THE XENA SCROLLS: An Opinionated Episode Guide (205 & 206)

Welcome to another Xena Thursday! Today, we’re continuing our chronological coverage of every single episode of Xena: Warrior Princess — both the episodes that I have previously highlighted AND the episodes I’ve yet to feature. Complementing my thoughts are the thoughts of those who worked on the series: mostly actors, writers, directors, and producers. I have done months of research for the acquisition of the quotes you’ll see over these next 67 weeks (as there are 134 episodes and I’ll be covering two episodes per week). They come from a variety of sources, including the original special feature-laden DVD releases, The Chakram Official Newsletters, both the Topps and Titans Official Xena Magazines, the fan kits, and other assorted print and video interviews. So in addition to sharing my thoughts, these posts will also contain information and musings from the Xenites that matter most — the ones who brought this exciting series to the small screen.


29. Season 2, Episode 5: “Return Of Callisto” (Aired: 10/28/96 | Filmed: 07/05 – 07/16/96)

Gabrielle’s consumed by hatred and a desire for vengeance after an escaped Callisto murders her beloved, Perdicus, in an attempt to punish Xena.

Written by R.J. Stewart | Directed by T.J. Scott | Production No. V0210



I featured this episode as #10 on my list of the 60 best episodes. Read my thoughts here.



Lucy Lawless (Actor, Xena): “I loved [this] episode. We originally shot [the ending] differently. We shot it differently. We shot it where I do try to save [Callisto] and she dies anyway. I get the whip and try to throw it to her. I hesitate but I do it, so that [Xena] could have a little bit of a moral high ground in the next episode: you see, when [Callisto] comes back and accuses [Xena] of murdering her, I say, ‘No, I did try to save you, you hag,’ that sort of thing. But when I had my accident they just quickly reedited everything [to make the guilt look more justified].” (The Official Guide To The Xenaverse by Robert Weisbrot – 1998)


T.J. Scott (Director): “That [chariot] chase originally wasn’t in the script, but I pushed for it and said, ‘We need a big set piece in this episode. Why don’t we do a chariot chase because there hasn’t been one on Xena for a while?’ I’m always looking for something fun to do, some new action stuff, and I thought, ‘A chariot chase would be pretty cool!’… [As for Callisto’s death scene,] there were two schools of thought on whether or not Xena should try and save her, going right back to the very first writing of that episode, to the production meetings, to R.J. and Rob and I talking. It really wasn’t until we were on set filming it, and on the take where Xena was supposed to try and save her, that she didn’t. Lucy just stood there and watched her go, and then said, ‘That’s what Xena would do.’ So it was sort of made right then. In the editing, we still had two versions, and we decided right at the end how we were going to do it.” (Titan: The Official XENA Magazine, Issue #8 – July 2000)


Hudson Leick (Actor, Callisto): “T.J…. goes, ‘All right, I want you to get hit and I want you to enjoy it. Because she would really enjoy it.’ I said, ‘Yeah, that works!’ ‘Cause Xena’s engaging with me. Have you ever been around people that are really angry? Or you don’t even know them, and they’re angry and they take it out on you. You’re driving and they’re swearing at you and you respond back and then you’ve got this thing going. But if you don’t respond, the people get even more angry because there’s no where to go. You have nothing to connect to. So I think having Xena fight back and fight with [Callisto] is attention. It’s attention and she’s connecting with me. She’s feeding that part of me. My character is obsessed with Xena. She loves Xena and hates Xena and wants to be Xena! It was interesting… “(Whoosh! Interview – August 1997)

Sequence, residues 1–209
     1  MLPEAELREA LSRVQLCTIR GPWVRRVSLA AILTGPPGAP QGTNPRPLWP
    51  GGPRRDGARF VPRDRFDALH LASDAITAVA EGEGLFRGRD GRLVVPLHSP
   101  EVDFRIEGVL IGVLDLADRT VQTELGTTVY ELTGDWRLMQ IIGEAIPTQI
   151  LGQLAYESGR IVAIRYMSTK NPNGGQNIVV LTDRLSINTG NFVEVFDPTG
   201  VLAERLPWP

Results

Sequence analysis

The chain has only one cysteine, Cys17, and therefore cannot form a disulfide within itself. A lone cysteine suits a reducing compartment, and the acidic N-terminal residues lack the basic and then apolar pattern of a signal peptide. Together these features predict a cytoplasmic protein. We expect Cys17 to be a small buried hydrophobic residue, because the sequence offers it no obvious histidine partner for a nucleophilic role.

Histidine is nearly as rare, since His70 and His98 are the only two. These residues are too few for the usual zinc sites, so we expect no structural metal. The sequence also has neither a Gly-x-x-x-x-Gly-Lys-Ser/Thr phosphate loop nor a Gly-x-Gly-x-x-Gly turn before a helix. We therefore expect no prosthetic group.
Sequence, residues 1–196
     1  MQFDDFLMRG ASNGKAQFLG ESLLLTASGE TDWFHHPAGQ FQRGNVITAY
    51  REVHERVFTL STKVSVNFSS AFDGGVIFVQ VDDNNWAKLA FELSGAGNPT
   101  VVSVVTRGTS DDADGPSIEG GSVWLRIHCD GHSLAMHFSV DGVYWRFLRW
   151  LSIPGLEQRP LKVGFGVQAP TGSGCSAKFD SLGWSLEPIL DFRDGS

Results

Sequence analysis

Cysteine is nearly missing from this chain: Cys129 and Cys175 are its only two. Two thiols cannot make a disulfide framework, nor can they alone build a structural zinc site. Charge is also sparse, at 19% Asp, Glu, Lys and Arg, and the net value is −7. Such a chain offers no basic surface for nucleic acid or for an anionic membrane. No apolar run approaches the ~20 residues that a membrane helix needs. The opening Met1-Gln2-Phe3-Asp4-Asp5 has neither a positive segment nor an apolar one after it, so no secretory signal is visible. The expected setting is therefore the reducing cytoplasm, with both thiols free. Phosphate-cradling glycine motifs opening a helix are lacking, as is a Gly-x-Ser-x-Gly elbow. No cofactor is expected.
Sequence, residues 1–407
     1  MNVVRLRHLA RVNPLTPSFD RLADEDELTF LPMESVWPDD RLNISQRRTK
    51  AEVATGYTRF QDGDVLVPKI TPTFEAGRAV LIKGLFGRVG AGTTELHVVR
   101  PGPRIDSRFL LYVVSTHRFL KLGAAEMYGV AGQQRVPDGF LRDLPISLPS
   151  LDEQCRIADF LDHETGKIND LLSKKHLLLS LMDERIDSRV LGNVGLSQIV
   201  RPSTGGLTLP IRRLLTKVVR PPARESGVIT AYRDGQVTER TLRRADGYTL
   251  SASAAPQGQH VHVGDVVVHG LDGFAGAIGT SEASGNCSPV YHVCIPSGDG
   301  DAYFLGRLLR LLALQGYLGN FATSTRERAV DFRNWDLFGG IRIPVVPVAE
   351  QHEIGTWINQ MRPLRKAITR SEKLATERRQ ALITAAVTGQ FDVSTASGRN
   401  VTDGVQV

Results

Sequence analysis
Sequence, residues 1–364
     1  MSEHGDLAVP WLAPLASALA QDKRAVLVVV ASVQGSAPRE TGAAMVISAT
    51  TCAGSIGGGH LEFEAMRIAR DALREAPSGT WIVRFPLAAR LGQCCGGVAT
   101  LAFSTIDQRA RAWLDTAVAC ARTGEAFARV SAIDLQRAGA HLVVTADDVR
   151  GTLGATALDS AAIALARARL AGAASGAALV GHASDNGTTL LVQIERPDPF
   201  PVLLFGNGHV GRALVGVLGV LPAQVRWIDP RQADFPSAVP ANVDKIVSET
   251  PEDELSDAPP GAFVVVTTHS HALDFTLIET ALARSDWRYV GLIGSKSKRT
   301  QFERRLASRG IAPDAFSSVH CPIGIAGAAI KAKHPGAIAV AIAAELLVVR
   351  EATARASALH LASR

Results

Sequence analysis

Lucy Lawless (Actor, Xena): “It was alright [fighting one-on-one] with Hudson, because she was really good at keeping [distance]… She would be unlikely to hit you, whereas most actors would… [Renee] was the best though… on the couple of occasions when [we did fight] it was so easy… it was like I was fighting a stuntwoman…” (“Return Of Callisto” Commentary, Season Two DVD Set)


Renee O’Connor (Actor, Gabrielle): “…The one moment that stands out most in my mind [about this episode] is Lucy and I in front of the funeral pyre for Perdicus. We were on top of the hill at the beautiful black sand beach. I was remembering, as we were filming the funeral scene, being there in that exact spot about three years before when I was filming the Hercules TV Movie and had just found out that a dear friend of mine had died. It was just a bizarre twist of fate that I would be back in New Zealand at that location filming a funeral pyre for another dear friend. It was quite ironic…. [Also] I didn’t get to see the acting filming of Lucy and Hudson [Leick] in the chariot races or when Hudson was drowning the quicksand. So, watching that episode, I was mesmerized by those shots.  They were so dynamic and epic looking. T.J. Scott directed that show, and he has become one of my mentors as a director; I just love his style.” (Starlog Magazine #268 – November 1999)